Chapter 39495015

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Chapter NumberXV
Chapter Title
Chapter Urlhttp://nla.gov.au/nla.news-article39495015
Full Date1893-12-16
Page Number9
Corrections0
Word Count1148
IllustratedN
Last Corrected0000-00-00
Newspaper TitleLaunceston Examiner (Tas. : 1842 - 1899)
Trove TitleMatched and Mated: A Romance in Real Life
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OHP TER XV. Spring had gone again and summer come. The air was warm and laden with the perfume of the flowers. Mr and Mrs Hall, Pauline, and Alice were back again in their home in Tasmania. All were busy preparing for the wed ding of Pauline and Hugo, which was to take place early in the autumn. It was indeed a busy time, for this marriage which the two families had so earnestly desired was now so soon to be cele brated. Never before and likely never after wards was there such a wedding seen at the quiet old-fashioned township of R-. The old manor house at Broad Acres, heretofore so dull and quiet, was a scene of bustle. Dressmakers and costumiers from Hobart, and decorators and florists from Melbourne ; in fact, everything that money could buy was to be thrown down for the wedding day of Pauline Hall and Hugo Brandon. 'Oh, let us come out and breathe,' cried Pauline. 'Come, Alice, up the hills, anywhere. It is perf.ctly stifling in the house. What a blessing that one has to go through this only once in a lifetime.' ' Some go through it all twice,'observed Alice quietly. 'How dreadful it must be to go through all this for the second time. Where is it, again, that the bride is sacrificed over the grave of the husband when he dies ?' ' India, I suppose.' Well, for my part, I would willingly suffer the executioner to amputate my head before I would go through all this for another man. But why talk on such subjects now? Hugo and I will live to b9 centenarians, and both die the same day and the same hour, and go to the happy hunting grounds hand in hand together. Isn't it funny that I never cared the least bit for anyone but Hugo 1 I am Hugo's first love too.' It is indeed, Pauline, both a rare and delightful thing. Ah, may you be always happy, dear, and live if not to a hundred, to at least a fine old age, loyal nud true to each other. How my heart throbs with delight when I see an old couple walking along together; such sights are, unfortunately, rare.' Alice sighed deeply as she spoke, and as Pauline looked at her the old wonder came back to her, for though she would never acknowledge it, Alice was sometimes as much of a mystery to her as to her friends, but Pauline was self willed as she was good-natured.She would not hurt the feelings of the commonest person, but still she would allow no one to meddle in her affairs. 'Alice, darling, you will be the next to change your name,' she said gaily. Alice shook her head and the tears filled. her eyes. Pauline put her arm about her lovingly and protectingly, and murmured gently to her ' Don't fret, Alice, dear, indeed ! indeed! I am not prying, but wouldn't it relieve your poor heart to confide in me ? Never since our first meeting, when I agreed to take you, without enquiry, did I ever ask you a word about your past, but Alice, if you have a trouble, surely you could tell ms now, and not even to Hugo would I ever divulge one word. Alice only shook her head again. 'No, Pauline, dear, it would only make you unhappy. I am used to suffer. The worst is over now. Pauline, have you ever regretted having trusted me 1'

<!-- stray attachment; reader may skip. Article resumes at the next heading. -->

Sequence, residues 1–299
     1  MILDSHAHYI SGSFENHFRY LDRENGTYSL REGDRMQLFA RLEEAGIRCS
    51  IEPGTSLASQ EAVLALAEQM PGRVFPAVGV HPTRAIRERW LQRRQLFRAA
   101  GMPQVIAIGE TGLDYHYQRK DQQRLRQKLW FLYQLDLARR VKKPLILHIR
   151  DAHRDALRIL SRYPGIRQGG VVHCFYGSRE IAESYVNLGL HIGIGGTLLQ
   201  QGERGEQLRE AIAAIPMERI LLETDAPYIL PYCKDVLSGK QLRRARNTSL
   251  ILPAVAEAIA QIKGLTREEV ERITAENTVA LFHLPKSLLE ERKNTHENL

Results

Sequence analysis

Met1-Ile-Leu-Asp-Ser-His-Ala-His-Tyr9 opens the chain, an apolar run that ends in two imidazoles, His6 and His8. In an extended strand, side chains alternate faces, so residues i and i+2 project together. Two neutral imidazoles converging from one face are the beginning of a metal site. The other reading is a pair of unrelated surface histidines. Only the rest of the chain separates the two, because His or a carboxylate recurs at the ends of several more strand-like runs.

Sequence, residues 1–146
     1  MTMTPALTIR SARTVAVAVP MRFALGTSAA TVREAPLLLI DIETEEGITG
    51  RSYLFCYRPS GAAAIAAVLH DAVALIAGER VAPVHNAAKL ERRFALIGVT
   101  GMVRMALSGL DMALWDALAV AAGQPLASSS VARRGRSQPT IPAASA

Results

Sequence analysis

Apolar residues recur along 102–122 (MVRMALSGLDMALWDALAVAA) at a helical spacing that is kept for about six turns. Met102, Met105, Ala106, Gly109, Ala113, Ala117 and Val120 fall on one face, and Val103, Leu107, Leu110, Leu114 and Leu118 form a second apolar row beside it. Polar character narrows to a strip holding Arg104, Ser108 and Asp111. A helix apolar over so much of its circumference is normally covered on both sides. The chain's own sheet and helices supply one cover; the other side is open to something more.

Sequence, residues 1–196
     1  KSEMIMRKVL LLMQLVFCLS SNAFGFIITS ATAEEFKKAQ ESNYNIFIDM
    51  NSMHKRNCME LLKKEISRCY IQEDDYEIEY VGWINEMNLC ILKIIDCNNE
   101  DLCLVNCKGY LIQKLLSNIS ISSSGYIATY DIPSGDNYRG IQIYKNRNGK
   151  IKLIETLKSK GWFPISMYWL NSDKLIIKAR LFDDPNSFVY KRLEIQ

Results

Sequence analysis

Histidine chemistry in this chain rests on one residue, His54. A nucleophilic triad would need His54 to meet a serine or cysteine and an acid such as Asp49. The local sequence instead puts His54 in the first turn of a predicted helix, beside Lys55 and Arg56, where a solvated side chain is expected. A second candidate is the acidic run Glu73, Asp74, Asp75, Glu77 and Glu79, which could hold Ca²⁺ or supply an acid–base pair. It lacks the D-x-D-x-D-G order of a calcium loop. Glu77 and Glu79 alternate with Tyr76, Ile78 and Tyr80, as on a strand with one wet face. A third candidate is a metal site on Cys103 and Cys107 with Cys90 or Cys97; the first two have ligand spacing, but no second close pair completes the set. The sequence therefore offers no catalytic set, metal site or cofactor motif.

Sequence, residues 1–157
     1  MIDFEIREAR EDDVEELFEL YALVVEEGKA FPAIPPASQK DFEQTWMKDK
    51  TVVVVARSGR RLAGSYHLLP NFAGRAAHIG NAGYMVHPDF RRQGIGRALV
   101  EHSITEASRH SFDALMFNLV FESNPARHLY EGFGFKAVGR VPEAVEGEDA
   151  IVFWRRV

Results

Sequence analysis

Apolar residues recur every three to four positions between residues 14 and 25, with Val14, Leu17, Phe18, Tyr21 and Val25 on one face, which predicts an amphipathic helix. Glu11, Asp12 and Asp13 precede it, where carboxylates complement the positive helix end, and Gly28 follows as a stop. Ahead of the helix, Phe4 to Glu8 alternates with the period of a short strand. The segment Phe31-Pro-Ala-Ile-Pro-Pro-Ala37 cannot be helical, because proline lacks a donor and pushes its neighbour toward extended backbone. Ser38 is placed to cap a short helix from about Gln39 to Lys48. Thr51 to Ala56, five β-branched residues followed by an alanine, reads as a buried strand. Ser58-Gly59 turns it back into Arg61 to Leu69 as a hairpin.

'Ne, indeed, darling, you have been a great blessing to me. We have seen some joys together, and alas, some sorrows.' ' Now that we are upon the subject,did they blame you for engaging me without references ?' ' Oh, they did at first, but what busi ness was it of any one else I'd like to know V' said she, with some of her old fire. ' Won't you change your mind, Alice, and come with us? I'll miss you so dreadfully.' ' Better without me,dear. You will find me here when you return. I have much indeed to be thankful for for this peace: ful haoitation. LĀ·Jok at the blushing skies throwing their reflections upon the water. How beautifully tranquil everything is. The air is laden with perfume. Listen to the monotonous crake, crake of the native hens and the distant carol of the magpies singing their evening hymn. This time twelve months you will be up in the Alps very likely. Pauline walked musingly beside her as she expatiated on the beauties of nature, and then she said quietly. ' It is only a week now till I am Pau line Brandon. You will have your cidevat lover Mr Clifford, making love to you again Alice. I should not be surprised if you wrote me that you have accepted him upon the second asking.' ' Not much fear of that, Pauline. I am the poor Alice Depryon this time, and not Pauline Hall the heiress of ' Broad Acres.' Musn't it be a dreadful fate to be married for one's money ?' Horrible ! Well I've tried Hugo like gold in the furnace, haven't I ? Almost fatally far. Taking it from the beginning isn't it a romance. We were engaged to each other when babies. What magni ficent curtains those are which Mrs Brandon is working 1 Her memory is good of the blue water lilies.' ' Are they curtains ?' asked Alice. 'Yes, bed hangings,' blushed Pauline ' They are twelve feet long. I am to wear the Brandon diamonds on my wedding day. In reality the Judge is Sir Geoffrey Brandon. His twin brother died about three years ago. She is Lady Brandon, but she will not wear the title or the diamonds. Poor Sir Rex was in love with her too,but she liked Geoff better and she married him. Hugo will be Sir Hugo Brandon some day, so she insists on my wearing the Brandon diamonds. I often think what a blow it would be to her if Hugo and myself didn't marry. I think she loves me just as much as her own daughters.' 'I think,' said Alice,'that this particular marriage was made in heaven. All the surroundings seem to harmonise so. Long acquaintance of two good families .much love-much beauty-plenty of money ! What more do people want ?' The rosy skies shone upon the happy face of Pauline, so soon to leave her home and enter into another sphere. 'I have not a fear,' she said, 'not a doubt, not a misgiving. The only thing that can come now is death.' 'Oh, don't mention that, it is too far off.' ' Only seventy fi~e years or so,' laughed Pauline. Thus the two friends chattel as they sauntered on arm in arm. At last the day of parting came-the wedding day.